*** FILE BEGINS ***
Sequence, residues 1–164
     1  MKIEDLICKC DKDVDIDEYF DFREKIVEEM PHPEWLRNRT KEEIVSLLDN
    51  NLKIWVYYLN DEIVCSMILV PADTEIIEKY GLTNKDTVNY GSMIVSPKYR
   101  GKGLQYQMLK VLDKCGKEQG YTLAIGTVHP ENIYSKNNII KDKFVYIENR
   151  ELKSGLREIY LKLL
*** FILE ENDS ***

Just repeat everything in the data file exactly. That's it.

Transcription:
Sequence, residues 1–164
     1  MKIEDLICKC DKDVDIDEYF DFREKIVEEM PHPEWLRNRT KEEIVSLLDN
    51  NLKIWVYYLN DEIVCSMILV PADTEIIEKY GLTNKDTVNY GSMIVSPKYR
   101  GKGLQYQMLK VLDKCGKEQG YTLAIGTVHP ENIYSKNNII KDKFVYIENR
   151  ELKSGLREIY LKLL